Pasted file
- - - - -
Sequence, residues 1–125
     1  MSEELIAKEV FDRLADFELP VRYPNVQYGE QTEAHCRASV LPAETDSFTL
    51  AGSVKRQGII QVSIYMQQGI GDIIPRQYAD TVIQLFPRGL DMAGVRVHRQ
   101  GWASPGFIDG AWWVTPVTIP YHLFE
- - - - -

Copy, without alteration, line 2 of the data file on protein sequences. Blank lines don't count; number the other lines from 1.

     1  MSEELIAKEV FDRLADFELP VRYPNVQYGE QTEAHCRASV LPAETDSFTL